UVic wards off phishing attack

Campus News

University reminds students and staff to be wary of cyber-attacks

phishing e-mail sent to UVic
Screen capture of e-mail.

On the morning of Nov. 18, UVic university systems administrators discovered a phishing attack was targeting UVic students and staff. 

“UVic first became aware of this phishing attack at approximately 7:30 AM this morning,” a university spokesperson told the Martlet.

The attack appeared in the form of a fake COVID-19 email from UVic. The email asked students and staff to click on a link and register for a COVID-19 relief fund which would deliver a $2 920 payment to all students and staff beginning Nov. 18. 

At the time of writing, the university is not aware of anyone affected by the attack and that all data stored by UVic remains safe and secure.

In an email to staff and students, UVic’s  Associate Director of Desktop Support Services (DSS) David Street said that anyone who receives the email should avoid clicking the link and if they do, to lodge a ticket with DSS to remediate their computer. 

Street also urged all students and staff to register with UVic Multi-Factor Authentication (MFA), a program that strengthens the security of your Netlink ID by installing second-factor identification. Under UVIC MFA, students and staff will be asked to verify their identity by asking them to accept a notification on another device. This grants an extra layer of security in case somebody figures out their username and password.

Phishing attacks are one of the most common methods hackers use to install malware and gain access to a computer or network. They can take many forms from emails to texts, however they usually contain a link which when clicked will install malware, a code or file that will grant the hacker access to the device and any networks attached to it.

Large institutions such as universities are frequent targets of phishing attacks. Their large financial holdings and storage of sensitive information is irresistible to hackers who can either enrich themselves or gain information that can be used for blackmail. All it takes is one person to slip up for hackers to gain access.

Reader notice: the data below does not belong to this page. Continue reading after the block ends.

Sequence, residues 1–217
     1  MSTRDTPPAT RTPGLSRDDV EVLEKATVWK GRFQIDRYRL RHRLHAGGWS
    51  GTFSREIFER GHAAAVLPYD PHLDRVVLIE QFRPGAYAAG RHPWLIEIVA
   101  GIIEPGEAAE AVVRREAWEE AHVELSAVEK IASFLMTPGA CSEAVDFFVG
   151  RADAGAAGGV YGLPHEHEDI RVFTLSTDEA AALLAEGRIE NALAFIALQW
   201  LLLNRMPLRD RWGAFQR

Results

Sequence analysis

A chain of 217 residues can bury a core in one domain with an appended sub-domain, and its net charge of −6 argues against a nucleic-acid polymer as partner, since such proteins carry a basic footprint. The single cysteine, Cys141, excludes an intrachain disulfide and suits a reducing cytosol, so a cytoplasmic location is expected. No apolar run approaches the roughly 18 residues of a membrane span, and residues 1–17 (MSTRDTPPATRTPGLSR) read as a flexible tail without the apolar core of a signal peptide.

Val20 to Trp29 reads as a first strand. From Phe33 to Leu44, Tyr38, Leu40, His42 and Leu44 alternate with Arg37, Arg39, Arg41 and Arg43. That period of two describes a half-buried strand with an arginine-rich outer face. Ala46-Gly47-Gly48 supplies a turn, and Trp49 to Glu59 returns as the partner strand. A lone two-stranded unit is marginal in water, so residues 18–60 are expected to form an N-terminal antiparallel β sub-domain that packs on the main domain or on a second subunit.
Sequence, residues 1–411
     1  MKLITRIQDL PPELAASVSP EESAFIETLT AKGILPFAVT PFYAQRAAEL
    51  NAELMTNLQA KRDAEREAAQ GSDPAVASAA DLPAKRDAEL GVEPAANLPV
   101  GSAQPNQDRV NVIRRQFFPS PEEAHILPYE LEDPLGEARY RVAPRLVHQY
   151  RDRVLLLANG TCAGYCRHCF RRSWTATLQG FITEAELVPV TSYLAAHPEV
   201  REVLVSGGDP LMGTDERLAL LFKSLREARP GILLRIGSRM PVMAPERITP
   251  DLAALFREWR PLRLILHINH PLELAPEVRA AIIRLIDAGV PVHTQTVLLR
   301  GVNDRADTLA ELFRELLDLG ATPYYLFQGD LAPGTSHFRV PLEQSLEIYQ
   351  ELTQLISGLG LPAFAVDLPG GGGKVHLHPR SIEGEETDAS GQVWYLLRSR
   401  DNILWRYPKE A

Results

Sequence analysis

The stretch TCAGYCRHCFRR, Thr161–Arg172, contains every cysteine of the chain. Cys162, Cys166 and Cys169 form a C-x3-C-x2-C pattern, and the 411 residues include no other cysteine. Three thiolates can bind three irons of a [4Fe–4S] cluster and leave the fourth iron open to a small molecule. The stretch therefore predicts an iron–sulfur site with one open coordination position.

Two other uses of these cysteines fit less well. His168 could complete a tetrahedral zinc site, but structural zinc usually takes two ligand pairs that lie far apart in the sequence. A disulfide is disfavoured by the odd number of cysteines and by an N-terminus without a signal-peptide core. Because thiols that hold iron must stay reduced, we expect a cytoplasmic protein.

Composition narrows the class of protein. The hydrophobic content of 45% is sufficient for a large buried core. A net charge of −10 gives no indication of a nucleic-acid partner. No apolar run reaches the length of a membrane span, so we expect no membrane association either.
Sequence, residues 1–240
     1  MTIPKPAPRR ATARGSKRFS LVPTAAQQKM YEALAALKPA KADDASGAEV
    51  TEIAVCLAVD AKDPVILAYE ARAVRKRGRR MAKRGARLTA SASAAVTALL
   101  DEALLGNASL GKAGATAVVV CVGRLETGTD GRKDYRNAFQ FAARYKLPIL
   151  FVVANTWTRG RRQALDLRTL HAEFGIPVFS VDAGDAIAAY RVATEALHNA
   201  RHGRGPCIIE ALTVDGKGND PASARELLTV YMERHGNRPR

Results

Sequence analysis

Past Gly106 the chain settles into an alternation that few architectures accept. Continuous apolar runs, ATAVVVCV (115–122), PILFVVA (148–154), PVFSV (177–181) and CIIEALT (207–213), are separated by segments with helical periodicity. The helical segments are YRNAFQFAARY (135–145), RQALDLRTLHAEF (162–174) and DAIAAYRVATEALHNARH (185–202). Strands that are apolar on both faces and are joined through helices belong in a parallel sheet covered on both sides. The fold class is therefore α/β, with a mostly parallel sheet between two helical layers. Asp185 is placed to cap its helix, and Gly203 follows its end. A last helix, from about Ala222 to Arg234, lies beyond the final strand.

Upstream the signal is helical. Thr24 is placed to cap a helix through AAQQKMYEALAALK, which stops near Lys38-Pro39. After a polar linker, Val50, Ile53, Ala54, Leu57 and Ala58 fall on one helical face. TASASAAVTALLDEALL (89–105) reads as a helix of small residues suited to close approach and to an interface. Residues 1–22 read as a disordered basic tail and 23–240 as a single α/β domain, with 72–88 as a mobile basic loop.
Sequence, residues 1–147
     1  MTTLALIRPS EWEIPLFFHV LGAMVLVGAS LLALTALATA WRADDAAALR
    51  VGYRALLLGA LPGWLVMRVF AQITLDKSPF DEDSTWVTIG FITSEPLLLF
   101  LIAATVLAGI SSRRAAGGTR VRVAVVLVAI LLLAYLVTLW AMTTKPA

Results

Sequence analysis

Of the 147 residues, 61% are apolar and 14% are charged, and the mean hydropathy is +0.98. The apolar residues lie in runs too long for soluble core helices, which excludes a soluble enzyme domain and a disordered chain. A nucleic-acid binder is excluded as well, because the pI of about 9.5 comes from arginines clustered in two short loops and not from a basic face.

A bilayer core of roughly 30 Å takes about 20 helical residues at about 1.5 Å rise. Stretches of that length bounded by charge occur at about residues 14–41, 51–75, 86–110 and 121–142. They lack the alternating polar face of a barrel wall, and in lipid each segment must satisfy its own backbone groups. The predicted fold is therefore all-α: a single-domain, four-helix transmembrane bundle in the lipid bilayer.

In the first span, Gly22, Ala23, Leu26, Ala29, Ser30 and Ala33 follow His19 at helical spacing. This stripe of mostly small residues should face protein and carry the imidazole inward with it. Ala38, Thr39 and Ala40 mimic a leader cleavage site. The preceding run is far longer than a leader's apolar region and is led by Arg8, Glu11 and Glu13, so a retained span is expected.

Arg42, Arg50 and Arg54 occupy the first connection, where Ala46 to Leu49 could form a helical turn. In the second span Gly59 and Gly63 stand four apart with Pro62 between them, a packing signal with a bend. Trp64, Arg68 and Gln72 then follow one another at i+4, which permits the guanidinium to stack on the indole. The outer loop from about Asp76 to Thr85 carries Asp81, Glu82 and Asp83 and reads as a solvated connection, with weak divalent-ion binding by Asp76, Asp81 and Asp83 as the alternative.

Over the course of the COVID-19 pandemic, universities have been the target of over 5.8 million phishing attacks, roughly 60 per cent of the global total. Several universities in the UK have faced phishing attacks that knocked out their IT systems and tried to steal valuable research.

The university says that phishing attacks are not new to UVic and that there are filters in place to prevent them from succeeding in gaining access to university systems.

“We use filters to prevent phishing messages from reaching Inboxes, but must balance the potential for blocking legitimate email and attackers are constantly adjusting their tactics to make phishing email look legitimate to evade these filters,” the spokesperson said.

In addition to UVic MFA and email filters, UVic offers online phishing awareness training which simulates phishing attacks to help train students and staff on how to spot them.

Street says that if anyone feels like an email is a possible phishing attack, they should either delete it or report it using tools such as Outlooks report phishing button. He says that any questions or concerns can be directed to DSS.